Stanly to receive $3.7 million in opioid settlement funds from five pharmaceutical companies

Published 5:03 pm Tuesday, February 28, 2023

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During the Stanly County Board of Commissioners most recent meeting last week, commissioners passed a resolution to accept national opioid settlements from five pharmaceutical companies.

County Manager Andy Lucas said the settlement involves Teva, Allergan, CVS, Walgreens and Walmart. Stanly is slated to receive $3.738 million over 13 years as part of national settlements, known as Wave Two, totaling $21 billion.

By accepting the resolution, Lucas can now begin to “execute all documents necessary to enter into opioid settlement agreements.”

Lucas said the county should receive the first part of money from the settlements sometime later this year.

This comes as Stanly has already received two installments totaling $575,000 as part of the $4.7 million it is set to receive over an 18-year period from a national opioid settlement reached in 2021 between the country’s three major drug distributers — Cardinal Health, AmerisourceBergen and McKesson — and pharmaceutical company Johnson & Johnson. The county is expected to receive the next part this summer.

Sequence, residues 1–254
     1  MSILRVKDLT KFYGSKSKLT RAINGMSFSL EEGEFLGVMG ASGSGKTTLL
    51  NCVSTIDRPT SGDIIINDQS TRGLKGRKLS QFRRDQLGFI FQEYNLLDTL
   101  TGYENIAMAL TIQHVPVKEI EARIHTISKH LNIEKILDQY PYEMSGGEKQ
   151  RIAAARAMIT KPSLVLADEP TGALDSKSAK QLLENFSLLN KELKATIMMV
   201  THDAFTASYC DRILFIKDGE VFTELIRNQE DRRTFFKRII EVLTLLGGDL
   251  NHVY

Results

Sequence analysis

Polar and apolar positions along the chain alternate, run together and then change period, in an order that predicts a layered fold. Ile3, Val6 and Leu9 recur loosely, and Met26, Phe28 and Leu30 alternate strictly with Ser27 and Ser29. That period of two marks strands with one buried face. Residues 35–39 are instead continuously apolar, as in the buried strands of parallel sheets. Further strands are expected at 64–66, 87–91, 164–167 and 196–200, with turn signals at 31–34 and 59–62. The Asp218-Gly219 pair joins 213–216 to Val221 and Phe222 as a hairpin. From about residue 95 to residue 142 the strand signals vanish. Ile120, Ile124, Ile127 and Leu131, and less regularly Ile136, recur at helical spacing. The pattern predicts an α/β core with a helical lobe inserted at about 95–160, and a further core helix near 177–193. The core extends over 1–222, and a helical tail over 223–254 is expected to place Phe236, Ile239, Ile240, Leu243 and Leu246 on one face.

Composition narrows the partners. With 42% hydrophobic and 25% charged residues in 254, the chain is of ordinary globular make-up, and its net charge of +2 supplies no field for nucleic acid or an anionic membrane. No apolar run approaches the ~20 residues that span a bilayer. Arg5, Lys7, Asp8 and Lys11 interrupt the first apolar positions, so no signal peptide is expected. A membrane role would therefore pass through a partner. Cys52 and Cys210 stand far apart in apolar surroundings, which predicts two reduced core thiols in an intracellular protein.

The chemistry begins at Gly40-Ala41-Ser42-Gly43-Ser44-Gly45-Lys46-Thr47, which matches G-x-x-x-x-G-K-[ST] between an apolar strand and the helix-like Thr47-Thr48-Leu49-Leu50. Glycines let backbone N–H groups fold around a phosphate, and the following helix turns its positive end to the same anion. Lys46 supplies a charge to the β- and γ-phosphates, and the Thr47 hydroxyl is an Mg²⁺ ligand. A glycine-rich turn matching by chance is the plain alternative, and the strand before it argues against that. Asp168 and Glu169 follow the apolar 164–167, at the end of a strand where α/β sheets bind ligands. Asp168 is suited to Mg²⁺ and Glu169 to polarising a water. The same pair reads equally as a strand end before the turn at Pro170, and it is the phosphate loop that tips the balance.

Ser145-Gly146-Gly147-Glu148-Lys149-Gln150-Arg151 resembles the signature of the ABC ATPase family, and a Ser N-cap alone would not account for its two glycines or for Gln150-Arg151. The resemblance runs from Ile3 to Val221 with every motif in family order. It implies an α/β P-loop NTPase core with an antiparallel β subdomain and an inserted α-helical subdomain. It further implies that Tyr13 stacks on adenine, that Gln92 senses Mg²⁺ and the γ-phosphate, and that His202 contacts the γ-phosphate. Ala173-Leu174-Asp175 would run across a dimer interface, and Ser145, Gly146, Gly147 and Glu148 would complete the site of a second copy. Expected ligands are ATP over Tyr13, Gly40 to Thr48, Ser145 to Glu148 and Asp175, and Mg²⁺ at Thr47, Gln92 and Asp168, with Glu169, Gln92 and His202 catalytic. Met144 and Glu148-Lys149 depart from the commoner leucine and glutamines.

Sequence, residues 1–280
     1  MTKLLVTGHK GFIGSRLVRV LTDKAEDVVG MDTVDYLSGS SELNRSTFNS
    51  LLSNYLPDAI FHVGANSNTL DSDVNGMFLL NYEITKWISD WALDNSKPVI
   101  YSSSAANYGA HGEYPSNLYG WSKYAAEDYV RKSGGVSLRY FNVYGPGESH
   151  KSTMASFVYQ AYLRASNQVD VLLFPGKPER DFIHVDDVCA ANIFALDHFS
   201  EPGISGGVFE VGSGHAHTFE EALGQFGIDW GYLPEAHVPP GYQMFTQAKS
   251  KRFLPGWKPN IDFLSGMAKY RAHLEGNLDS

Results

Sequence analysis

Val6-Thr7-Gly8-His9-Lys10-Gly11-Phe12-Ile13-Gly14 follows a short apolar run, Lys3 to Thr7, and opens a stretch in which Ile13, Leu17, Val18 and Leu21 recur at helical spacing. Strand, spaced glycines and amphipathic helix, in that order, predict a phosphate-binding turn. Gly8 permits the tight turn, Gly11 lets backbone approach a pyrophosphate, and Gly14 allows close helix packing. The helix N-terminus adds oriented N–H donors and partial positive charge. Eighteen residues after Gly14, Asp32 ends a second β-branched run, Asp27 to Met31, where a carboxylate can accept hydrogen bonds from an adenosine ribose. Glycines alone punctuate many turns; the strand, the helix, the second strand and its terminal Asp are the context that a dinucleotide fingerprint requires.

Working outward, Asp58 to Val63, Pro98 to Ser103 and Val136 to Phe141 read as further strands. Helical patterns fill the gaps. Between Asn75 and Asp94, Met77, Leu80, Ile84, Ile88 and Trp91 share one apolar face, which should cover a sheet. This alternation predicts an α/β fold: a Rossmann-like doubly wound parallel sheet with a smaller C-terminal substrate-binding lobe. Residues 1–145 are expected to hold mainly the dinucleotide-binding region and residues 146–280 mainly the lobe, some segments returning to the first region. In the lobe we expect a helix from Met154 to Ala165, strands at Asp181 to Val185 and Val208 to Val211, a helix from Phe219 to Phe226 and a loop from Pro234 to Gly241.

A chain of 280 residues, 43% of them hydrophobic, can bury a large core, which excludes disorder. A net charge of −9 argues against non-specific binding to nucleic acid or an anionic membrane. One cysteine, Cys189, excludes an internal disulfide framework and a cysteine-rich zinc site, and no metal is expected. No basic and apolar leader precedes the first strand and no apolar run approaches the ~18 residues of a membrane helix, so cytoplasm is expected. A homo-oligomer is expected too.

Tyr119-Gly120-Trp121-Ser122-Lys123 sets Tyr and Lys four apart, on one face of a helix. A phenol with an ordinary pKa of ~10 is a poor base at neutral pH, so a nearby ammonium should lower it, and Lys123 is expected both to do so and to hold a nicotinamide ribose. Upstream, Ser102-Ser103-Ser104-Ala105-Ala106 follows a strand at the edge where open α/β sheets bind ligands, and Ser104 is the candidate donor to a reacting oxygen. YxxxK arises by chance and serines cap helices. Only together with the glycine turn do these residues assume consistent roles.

The settlement, known as Wave One, provided the groundwork for billions of dollars to begin flowing into communities across the country for addiction treatment, prevention services and other expenses from the epidemic. North Carolina is set to receive about $750 million over the 18 years, 85% of which will go to counties and local municipalities.

The combined projected allocations for Stanly County from both the Wave One and Wave Two settlements is $8.4 million.

More than 32,000 North Carolinians have died from the opioid epidemic from 2000 through 2021, according to state data, including 27 Stanly County residents who died from an overdose in 2021. An average of eight North Carolinians die each day from opioid overdoses.

About Chris Miller

Chris Miller has been with the SNAP since January 2019. He is a graduate of NC State and received his Master's in Journalism from the University of Maryland. He previously wrote for the Capital News Service in Annapolis, where many of his stories on immigration and culture were published in national papers via the AP wire.

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